Coronavirus has disrupted quite a few industries over the last few months. One of the industries that it will continue to affect for the foreseeable future is the healthcare system. As it continues to spread, and we continue to see the effects of coronavirus, insurance programs will likely see a rise in health care costs. Here is an overview of how we think coronavirus could affect health care costs:
The first place we will likely see a rise in healthcare costs is with testing and treatment. As the number of coronavirus cases is still unknown and potentially growing, public health will be vital to limiting and eliminating the spread of coronavirus. There are mixed messages on whether or not we have reached the peak number of cases in the U.S, and some say that there may be another spike in cases shortly if social distancing is relaxed.
The cure for coronavirus is still unknown, but the usage of current treatments are a way to support those who are infected. Once an effective treatment is established, there will likely be a reduction of strain on healthcare systems. Still, additional costs of implementing new drug treatments will cause the overall cost of care to increase along with a new vaccine treatment as an added cost in the near future.
Around 15% of people infected with coronavirus require some kind of hospitalization, which typically includes needing ventilation. Costs associated with these procedures can be extremely expensive. Ventilation treatments can cost anywhere from $34,223 to $88,1114, depending on how long a person is on the ventilator.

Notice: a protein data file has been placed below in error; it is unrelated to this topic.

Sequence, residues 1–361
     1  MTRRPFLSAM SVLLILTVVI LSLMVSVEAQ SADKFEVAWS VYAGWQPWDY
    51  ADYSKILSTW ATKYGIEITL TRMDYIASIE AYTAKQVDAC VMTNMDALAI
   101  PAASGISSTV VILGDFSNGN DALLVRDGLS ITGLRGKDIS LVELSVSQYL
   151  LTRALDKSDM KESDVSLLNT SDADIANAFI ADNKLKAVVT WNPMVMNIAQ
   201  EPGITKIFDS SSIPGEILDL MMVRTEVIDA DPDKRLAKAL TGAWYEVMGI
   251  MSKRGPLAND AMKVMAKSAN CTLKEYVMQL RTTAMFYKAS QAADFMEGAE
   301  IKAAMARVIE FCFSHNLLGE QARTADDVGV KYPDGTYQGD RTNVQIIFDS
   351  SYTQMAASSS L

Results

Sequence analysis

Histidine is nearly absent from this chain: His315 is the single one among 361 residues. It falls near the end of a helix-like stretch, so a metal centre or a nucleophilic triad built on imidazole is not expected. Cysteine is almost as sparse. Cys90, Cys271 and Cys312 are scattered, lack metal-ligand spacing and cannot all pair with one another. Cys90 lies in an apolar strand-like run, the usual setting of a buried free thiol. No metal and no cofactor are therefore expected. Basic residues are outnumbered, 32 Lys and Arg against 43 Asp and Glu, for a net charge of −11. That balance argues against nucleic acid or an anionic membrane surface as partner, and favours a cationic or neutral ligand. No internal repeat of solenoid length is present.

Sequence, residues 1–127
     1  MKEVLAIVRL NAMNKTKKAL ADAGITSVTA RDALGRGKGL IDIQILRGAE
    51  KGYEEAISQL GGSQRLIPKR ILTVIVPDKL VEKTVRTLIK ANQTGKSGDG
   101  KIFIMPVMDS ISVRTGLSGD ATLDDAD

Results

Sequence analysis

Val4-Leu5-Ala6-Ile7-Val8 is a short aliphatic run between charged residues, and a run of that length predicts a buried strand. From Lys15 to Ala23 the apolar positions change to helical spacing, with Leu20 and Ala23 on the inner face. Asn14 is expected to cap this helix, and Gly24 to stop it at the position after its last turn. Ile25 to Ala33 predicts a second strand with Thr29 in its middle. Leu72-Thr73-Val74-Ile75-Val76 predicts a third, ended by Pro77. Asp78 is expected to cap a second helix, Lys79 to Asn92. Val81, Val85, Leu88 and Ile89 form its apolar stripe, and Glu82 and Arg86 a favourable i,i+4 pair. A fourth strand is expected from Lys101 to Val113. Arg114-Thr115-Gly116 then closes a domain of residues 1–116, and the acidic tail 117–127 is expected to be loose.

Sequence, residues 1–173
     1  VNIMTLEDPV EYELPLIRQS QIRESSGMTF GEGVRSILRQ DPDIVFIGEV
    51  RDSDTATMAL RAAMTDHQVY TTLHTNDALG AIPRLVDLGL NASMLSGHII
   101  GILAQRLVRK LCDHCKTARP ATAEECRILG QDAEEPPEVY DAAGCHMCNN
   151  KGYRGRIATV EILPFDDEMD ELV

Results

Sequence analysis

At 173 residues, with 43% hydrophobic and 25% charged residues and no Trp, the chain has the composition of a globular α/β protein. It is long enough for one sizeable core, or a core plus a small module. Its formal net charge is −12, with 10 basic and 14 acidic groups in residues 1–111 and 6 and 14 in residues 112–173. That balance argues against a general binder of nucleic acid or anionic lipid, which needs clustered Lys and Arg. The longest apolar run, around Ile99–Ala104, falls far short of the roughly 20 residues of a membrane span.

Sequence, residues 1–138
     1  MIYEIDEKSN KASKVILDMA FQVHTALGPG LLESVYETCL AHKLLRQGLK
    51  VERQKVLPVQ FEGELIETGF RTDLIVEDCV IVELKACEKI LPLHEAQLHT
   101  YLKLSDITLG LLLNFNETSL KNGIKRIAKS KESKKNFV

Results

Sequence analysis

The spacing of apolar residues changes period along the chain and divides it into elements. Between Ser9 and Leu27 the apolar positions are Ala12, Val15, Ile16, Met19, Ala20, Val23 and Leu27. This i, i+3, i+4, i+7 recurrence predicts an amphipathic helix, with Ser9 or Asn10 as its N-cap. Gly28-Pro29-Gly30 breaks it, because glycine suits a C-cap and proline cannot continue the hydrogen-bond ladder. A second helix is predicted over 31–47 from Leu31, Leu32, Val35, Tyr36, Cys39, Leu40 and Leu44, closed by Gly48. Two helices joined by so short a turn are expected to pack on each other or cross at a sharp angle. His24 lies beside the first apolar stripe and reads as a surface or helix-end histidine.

Many healthcare providers are concerned about the possibility of seeing an influx in people using healthcare services after stay-at-home orders lift. It is likely that the low demand for healthcare now will cause a delayed demand that could be overwhelming for providers and insurance companies later down the road. This sudden influx could quickly drain hospital resources if they are not adequately prepared. In some parts of the country, hospitals could not have enough beds for the number of patients needing care.
Hospitals have already begun canceling elective procedures. Though they are considered elective and therefore not urgent, these procedures almost always improve the patient’s daily life and prevent early death. These delayed procedures will likely be scheduled for next year, which would raise overall healthcare costs for 2021. Foregoing these procedures could also cause health outcomes to decline, as well as higher spending for the individual later due to complications.
Because the older populations are at high risk for contracting COVID-19 and potentially having complications related to coronavirus, the Medicare program could be affected. An increase in Medicare spending could potentially spill-over into the beneficiaries’ out-of-pocket spending in years to come. The out-of-pocket expenses will show up as an increase in premiums, deductibles, and other cost-sharing programs.
Another consideration that may affect Medicare spending is telehealth services. Under the CARES Act restrictions on telehealth services, which could cause a decline in doctor’s office visits and the costs associated with holding in-person appointments.
Medicaid programs will also likely be affected by COVID-19. The costs of the program will likely increase as unemployment increases, and people are losing coverage provided by their jobs. Medicaid spending and enrollment increases in times of economic downturn. As more people enroll and the costs dealing with testing and treatment increase, the pressure on Medicaid costs will also increase.
As we continue to understand the effects of coronavirus, there are many implications to consider. Contact us to get the right coverage for you and your company.